You can lead a horse to water, but if it’s wise, I think,
until you’ve added malt and hops, you cannot make it drink.
When my mother read my post Menagerie (Part 1) she reminded me of this facetious version of the well-known saying. Do horses really prefer beer?
means dilute and can be used figuratively.
Pouring oil on troubled waters
is a way of making the waves smaller. As long as the oil floats on the water it could be helpful. There have been too many disasters worldwide where enormous quantities of oil have been accidentally spilled. If someone tries to help reconcile others who cannot agree, they may be pouring oil on troubled waters.
Don’t throw the baby out with the bathwater.
sometimes things or systems need to be reorganised. This ought to result in an improvement unless the object of the change has been forgotten, in which case the baby might have been thrown out with the bathwater.
I feel it in my water.
Our bodies are mainly water, but when people refer to their water, they usually mean urine. It is an expression used when people have a feeling that something is going to happen.
Take more water with it
is advice given to someone who stumbles, whether they have been drinking alcohol or not.
Come hell or high water.
Whatever happens. High water is another expression for high tide, but some tides are higher than others.
Water finds the lowest course.
This is true. Liquids do not flow uphill without a pump.
If something is watertight it does not leak. If an argument is watertight, no-one can find (or pick) any “holes” in it.
Still waters run deep.
This is a proverb about quiet people having profound thoughts. In a river there may be deep pools where the surface of the water is undisturbed.
If someone has an idea others might try to discourage them from acting on it. Pouring cold water on it is an appropriate idiom here.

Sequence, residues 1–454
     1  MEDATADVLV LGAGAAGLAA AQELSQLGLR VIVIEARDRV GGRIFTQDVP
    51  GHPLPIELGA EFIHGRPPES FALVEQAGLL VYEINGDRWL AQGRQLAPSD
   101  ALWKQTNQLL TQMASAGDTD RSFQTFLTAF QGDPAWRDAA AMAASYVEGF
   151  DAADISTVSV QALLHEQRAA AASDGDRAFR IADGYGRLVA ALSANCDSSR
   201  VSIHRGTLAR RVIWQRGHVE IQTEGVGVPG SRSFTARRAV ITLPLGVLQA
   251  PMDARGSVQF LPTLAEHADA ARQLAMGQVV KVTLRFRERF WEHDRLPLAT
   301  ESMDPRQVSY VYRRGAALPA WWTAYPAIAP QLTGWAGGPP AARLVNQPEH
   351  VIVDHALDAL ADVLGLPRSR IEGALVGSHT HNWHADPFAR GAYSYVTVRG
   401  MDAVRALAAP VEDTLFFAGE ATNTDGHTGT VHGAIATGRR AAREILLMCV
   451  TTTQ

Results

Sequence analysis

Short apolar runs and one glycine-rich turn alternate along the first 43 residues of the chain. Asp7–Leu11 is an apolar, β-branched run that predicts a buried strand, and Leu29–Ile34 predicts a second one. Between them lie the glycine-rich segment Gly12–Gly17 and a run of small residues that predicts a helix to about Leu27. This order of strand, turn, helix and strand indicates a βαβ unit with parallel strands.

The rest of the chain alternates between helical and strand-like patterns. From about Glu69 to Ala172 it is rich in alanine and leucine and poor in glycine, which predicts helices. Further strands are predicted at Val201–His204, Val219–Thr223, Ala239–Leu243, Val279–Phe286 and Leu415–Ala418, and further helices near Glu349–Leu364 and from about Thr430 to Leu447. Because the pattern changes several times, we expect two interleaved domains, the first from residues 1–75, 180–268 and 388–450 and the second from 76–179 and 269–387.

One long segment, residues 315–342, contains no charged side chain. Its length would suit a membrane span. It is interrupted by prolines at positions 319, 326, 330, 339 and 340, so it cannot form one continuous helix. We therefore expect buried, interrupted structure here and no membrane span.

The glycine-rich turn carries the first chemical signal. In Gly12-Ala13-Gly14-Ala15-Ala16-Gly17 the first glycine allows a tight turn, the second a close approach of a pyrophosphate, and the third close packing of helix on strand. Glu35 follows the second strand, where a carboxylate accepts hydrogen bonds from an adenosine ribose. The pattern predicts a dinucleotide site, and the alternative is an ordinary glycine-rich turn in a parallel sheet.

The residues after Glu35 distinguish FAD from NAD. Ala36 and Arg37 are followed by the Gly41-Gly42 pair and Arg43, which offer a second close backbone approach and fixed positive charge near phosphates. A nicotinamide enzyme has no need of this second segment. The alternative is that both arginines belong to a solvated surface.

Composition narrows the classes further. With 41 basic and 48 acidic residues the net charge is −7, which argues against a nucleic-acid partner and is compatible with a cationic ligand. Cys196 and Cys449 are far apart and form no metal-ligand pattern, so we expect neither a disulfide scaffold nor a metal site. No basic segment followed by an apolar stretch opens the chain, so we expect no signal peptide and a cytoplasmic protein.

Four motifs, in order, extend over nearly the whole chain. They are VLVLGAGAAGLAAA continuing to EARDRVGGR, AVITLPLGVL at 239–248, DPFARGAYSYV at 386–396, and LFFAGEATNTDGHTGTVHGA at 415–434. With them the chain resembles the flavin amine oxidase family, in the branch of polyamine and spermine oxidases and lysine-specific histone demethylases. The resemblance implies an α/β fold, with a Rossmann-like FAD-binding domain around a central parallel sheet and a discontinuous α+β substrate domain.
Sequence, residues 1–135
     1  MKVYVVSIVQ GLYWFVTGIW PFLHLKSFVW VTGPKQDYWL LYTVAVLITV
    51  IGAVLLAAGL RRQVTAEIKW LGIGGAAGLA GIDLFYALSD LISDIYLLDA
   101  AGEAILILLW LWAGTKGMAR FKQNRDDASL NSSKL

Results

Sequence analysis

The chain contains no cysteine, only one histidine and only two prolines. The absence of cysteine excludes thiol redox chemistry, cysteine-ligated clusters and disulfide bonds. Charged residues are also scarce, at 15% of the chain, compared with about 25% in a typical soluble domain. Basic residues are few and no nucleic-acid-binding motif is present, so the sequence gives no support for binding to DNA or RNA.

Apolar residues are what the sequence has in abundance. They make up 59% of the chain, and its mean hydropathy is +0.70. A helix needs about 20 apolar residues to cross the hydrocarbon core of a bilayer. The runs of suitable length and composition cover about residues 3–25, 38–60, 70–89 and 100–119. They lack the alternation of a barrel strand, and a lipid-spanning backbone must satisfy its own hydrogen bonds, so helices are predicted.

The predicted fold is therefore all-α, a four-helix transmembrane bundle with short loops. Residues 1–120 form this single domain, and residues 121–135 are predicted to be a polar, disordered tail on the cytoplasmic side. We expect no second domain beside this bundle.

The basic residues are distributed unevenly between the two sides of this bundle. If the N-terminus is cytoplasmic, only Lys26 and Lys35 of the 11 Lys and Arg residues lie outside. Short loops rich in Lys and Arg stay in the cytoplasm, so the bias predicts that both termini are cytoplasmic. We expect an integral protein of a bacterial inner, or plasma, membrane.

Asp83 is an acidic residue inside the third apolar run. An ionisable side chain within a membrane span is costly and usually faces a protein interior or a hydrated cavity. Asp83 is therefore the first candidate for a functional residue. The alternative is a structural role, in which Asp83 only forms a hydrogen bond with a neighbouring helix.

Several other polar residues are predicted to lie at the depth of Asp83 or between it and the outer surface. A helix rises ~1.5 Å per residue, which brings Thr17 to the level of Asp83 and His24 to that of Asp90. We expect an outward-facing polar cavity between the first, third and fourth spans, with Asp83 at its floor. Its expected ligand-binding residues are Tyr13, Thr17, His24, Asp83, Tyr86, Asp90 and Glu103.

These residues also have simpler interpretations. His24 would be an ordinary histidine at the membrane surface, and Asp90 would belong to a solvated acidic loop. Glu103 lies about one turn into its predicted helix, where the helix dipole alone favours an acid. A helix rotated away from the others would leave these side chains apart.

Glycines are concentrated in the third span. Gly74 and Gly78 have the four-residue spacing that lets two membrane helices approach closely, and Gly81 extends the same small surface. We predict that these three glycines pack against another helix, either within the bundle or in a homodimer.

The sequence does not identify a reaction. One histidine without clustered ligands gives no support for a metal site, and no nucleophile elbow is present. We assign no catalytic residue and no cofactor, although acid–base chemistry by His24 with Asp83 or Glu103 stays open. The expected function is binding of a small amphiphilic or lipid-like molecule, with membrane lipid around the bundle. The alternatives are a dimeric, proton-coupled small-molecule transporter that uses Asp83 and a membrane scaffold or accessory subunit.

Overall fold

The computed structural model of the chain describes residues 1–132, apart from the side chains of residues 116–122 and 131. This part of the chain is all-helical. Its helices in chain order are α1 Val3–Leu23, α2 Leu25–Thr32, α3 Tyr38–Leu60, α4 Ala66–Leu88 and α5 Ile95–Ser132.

Skating on thin ice.
Anyone who has read “White Boots” by Noel Streatfield knows how dangerous it is to skate on thin ice. Sometimes a person’s actions or words can be as perilous.
The tip of the iceberg
is the part which is visible above the sea. As a metaphor it is the first part of something which may turn out to be much bigger.
Letting off steam
is a way of reducing pressure from a boiler, for instance. People need to let off steam too.
Steam locomotives have to get up a head of steam before they are ready to go. A head is a measure of the pressure.
If someone is very angry he may be said to have steam coming out of his ears.
Water, ice and steam are the liquid, solid and vapour states of the same compound H2O. It is an amazing substance, essential to life on earth and it has properties unlike any other substance. For example, when it is cooled down towards its freezing point, it reaches the anomalous temperature of water at which point it has its maximum density. (4 degrees Celsius) On further cooling the molecules begin to arrange themselves to form the crystalline structure of ice, which is less dense than water. The fact that ice floats on water is crucial to pond-life.
In the Gospel of John Chapter 4 verse 14 (NIV) Jesus tells a Samaritan woman “whoever drinks the water I give him will never thirst. Indeed, the water I give him will become in him a spring of water welling up to eternal life.”